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Taken on our recent trip to Esfahan (aka Isfahan) Iran.
This bazaar is totally amazing. We spent nearly two days (dazed) walking around it, above it and visiting the mosque. It encircles Imam Square, and you can gain access to the stupendous Imam Mosque from the square. The bazaar is apparently two kilometres long however, due to the crowds and amazing art, artifacts and food for sale, you’ll walk about 500m in approximately one hour, and that’s fast.
Parts of the bazaar are two stories high and you can go up there and see the artists making the souvenirs sold in the bazaar below.
Esfahan really is one of the
MUST SEE cities on this planet.
We really enjoyed our trip to Esfahan and hope to go back there again someday.
Canon Lens 15-85mm
Single photo – RAW converted to JPG
31 May Featured in Around The World
16 June Featured in Captial Cities of The World
Further info from http://archnet.org/library/sites/one-site.jsp?s...
The two kilometer bazaar is a vaulted street that links the old city, the Friday mosque and old maydan with Shah Abbas’ new maydan. The entry at the Maydan-i Shah is marked by a large portal that mirrors in form the entrance portal of the Shah Mosque. The iwan of the bazaar portal is flanked by galleries and crowned with the representation of Sagittarius in mosaic tile.
The portal accesses the royal bazaar, the royal mint and the royal caravanserai, leading to the major artery of the bazaar. Mosques, hamams and khans lead off this main street, much of which is lit by circular openings cut into the brick vaults, shafts of light dotting the passage at certain times of day.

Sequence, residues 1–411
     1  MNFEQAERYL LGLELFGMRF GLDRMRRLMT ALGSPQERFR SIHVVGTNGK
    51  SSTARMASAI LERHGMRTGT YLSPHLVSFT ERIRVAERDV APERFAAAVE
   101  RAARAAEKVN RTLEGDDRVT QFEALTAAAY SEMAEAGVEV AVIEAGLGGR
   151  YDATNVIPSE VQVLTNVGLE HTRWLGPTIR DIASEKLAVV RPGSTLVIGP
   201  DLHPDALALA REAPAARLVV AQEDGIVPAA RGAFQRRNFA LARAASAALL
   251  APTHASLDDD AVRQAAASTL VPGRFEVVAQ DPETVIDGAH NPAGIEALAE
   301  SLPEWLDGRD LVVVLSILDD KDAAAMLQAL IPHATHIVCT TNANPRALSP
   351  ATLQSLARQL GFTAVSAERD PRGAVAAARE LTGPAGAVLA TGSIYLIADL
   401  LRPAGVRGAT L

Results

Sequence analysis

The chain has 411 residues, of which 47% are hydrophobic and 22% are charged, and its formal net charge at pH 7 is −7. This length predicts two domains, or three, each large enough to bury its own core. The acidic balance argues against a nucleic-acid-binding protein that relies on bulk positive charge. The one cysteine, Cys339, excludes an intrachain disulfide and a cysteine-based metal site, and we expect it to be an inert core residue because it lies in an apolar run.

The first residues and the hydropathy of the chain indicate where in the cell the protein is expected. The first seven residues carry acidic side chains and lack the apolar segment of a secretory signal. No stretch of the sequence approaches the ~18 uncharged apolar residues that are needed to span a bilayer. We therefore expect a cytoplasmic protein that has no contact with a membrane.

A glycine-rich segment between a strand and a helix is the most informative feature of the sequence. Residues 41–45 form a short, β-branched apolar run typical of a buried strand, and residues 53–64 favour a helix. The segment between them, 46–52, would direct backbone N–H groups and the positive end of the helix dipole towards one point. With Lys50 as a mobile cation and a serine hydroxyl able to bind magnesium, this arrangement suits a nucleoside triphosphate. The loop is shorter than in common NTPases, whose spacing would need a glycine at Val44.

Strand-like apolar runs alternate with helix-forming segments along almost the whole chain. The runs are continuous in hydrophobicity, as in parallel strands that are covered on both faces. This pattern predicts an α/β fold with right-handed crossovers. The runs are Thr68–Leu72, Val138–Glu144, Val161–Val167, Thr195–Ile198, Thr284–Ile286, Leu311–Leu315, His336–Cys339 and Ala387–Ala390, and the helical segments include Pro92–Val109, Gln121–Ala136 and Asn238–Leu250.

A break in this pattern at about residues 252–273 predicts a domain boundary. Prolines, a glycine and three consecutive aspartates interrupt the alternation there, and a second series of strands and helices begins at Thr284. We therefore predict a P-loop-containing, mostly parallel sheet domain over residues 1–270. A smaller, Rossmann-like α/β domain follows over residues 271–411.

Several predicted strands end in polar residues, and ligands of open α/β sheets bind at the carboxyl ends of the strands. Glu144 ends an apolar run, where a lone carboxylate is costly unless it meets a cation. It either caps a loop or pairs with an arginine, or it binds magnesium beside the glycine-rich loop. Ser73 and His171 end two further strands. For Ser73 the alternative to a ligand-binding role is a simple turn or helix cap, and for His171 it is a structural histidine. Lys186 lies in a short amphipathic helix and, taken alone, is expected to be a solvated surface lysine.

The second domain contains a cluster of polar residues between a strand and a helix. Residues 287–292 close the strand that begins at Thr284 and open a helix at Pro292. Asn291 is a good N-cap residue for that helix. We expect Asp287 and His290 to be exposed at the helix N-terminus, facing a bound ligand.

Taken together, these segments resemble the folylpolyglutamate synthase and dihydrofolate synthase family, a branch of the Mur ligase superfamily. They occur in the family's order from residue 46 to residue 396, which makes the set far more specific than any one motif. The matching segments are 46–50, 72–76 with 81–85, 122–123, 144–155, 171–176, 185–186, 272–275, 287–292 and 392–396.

Further details of EsfahanIsfahan below from Wikipedia
Isfahan is located on the main north-south and east-west routes crossing Iran, and was once one of the largest cities in the world. It flourished from 1050 to 1722, particularly in the 16th century under the Safavid dynasty, when it became the capital of Persia for the second time in its history. Even today, the city retains much of its past glory. It is famous for its Islamic architecture, with many beautiful boulevards, covered bridges, palaces, mosques, and minarets. This led to the Persian proverb “’Esfahān nesf-e jahān ast” (Isfahan is half of the world).
The next bridge along from this one is Ferdowsi Bridge:
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